The London Review of Breakfasts

"Hope is a good breakfast, but it is a bad supper." (Francis Bacon)

Sunday, November 16, 2014

Hog Island, San Francisco, USA

Hog Island
Ferry Building Marketplace
One Ferry Building
San Francisco, CA 94111
+1 (415) 983 8000

by Des Ayuno

The last time I saw H, it was also over breakfast – ten years earlier, at a smart café on Melrose in West Hollywood. I think we both thought it safest, it being too civilised for coffee or knives to be flung. I’m pretty sure he had eggs Benedict, while, trying to distance myself from him, from our heretofore near-perfect culinary harmony, I ordered something sweet, probably French toast. It was uncharacteristic. I am not, as I’m sure he would agree, a “sweet” person. I didn’t even have the option of delightful crispy bacon to soak up the maple syrup – I didn’t eat meat, then. But, well, he didn’t eat cock, then. We’re different people now.

When I arrived, San Francisco was suffering an uncharacteristic heat wave. Already fuming at the early-morning start and at my own weakness in thinking this was a good idea, I clambered up hill after hill, the bright-green Prada heels I’d been determined to wear slipping across the sidewalks, and arrived dripping with sweat at H’s aggressively trendy ad-agency workplace. Reception was at the top of two flights of marble stairs and as I tried to catch my breath, I reflected on the grotesqueness of its gold-patterned wallpaper. Then I realised it was shelves upon shelves of glassed-in Clios and Roses and those chunks of gilded tin they hand out at Montreux, stretching into the distance. 

After fifteen minutes or so, he bounded down the big central staircase, unapologetic and skinny and glowing as ever. We dawdled down to the waterside as he rambled with mock chagrin about all the trips to Delhi and Dubai he’d had to make recently; the time-sapping TV pilot he was developing; the expensively decorated, lonely city-centre apartment; the much older boyfriend, whose ex-wife and children dared to stake a claim on his time and substantial bank account. We stopped at a chic oyster bar where the waitresses all knew his name and, ever the gentleman, he guided me solicitously to the seat with the most picture-postcard-perfect view of the Bay Bridge, with hands that had always felt like soft, nimble brown paws. 

Americans have funny ideas about what constitutes brunch. Or maybe it was normal for ad men, or for borderline-eating-disordered gays in San Francisco. H ordered a massive platter of oysters (“All Pacific, obviously,” he reminded the waitress with a wink) and a crispy, gooey, three-farmers-market-cheeses-on-grilled-artisan-sourdough sandwich that he suggested we split but only watched me eat with hungry, shining eyes.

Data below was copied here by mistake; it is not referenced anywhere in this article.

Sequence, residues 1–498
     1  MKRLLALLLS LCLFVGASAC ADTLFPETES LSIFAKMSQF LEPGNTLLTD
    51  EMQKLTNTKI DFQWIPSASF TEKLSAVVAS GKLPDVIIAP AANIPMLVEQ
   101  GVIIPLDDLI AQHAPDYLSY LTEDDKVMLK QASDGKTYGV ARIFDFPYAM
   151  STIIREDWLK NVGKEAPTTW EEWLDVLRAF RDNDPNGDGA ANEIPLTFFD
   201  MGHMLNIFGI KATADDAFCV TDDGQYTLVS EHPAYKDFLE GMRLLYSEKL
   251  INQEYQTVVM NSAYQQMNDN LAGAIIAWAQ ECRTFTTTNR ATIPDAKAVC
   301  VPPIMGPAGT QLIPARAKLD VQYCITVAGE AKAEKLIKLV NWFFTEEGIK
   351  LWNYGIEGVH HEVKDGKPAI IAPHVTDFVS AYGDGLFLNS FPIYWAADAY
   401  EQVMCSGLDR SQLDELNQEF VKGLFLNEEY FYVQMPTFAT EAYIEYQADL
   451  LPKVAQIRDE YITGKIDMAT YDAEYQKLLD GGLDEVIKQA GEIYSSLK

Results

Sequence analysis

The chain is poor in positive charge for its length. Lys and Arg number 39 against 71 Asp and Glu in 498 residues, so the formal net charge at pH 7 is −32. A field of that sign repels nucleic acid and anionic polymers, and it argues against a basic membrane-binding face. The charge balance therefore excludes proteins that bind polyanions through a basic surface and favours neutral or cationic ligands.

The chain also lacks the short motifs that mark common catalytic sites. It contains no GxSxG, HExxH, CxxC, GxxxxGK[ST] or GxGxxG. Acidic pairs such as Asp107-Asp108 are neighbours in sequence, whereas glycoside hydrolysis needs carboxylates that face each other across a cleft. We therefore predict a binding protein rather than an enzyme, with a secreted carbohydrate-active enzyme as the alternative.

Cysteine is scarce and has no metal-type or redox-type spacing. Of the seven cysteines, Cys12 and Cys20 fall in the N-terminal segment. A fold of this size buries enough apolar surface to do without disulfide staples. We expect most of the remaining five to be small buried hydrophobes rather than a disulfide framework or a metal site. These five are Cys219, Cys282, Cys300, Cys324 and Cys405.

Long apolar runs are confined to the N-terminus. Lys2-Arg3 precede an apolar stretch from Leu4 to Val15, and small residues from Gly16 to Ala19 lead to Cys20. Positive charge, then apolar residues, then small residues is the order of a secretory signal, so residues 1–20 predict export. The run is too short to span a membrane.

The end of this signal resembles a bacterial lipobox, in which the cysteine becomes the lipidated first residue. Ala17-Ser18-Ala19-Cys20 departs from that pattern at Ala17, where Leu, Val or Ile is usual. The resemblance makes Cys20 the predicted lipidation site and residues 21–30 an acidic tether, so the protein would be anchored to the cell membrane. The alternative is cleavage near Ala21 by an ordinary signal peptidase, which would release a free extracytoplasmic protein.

Afterwards, I sat down in front of the Ferry to watch the pigeons. They were bigger than London’s nervy, ragged birds, glossy and sedate. I wanted to tell H that they chose marriage and kids and got fat and stupid. I wanted to ask if he remembered the icy winter night a few months after we met, when we argued, even worse than usual – him screaming, me sobbing, somebody coming down from upstairs to scream at both of us to shut up. He had stopped instantly. Then he had poured two shots of whiskey, looked at them for a long minute, and flung them out the window into the snow. He had taken my hand in the newly echoing silence and pulled me into a wordless, graceful waltz until I slumped into him, exhausted. 

My phone rang. I ignored it for a minute, then reached inside my bag. Next to the phone was a small package. Under the brown-paper wrapping and narrow red ribbon was a crinkly bag of very expensive jasmine-flower tea, and another of dried orange slices, which I’d bought in Beijing two years earlier, seeing them next to each other on a supermarket shelf like glowing talismans and suddenly panicking that I hadn’t seen H in eight years and might never see him again. We’d listened to Leonard Cohen nonstop in those first few months, although that day on the waterfront I was thinking less of “Suzanne” than of another song, the one I still can’t bear to hear, with its extraordinary, searing selfishness. “If I have been unkind,” he croons, “I hope that you can just let it go by.” I guess we’ve both tried in our way to be free.


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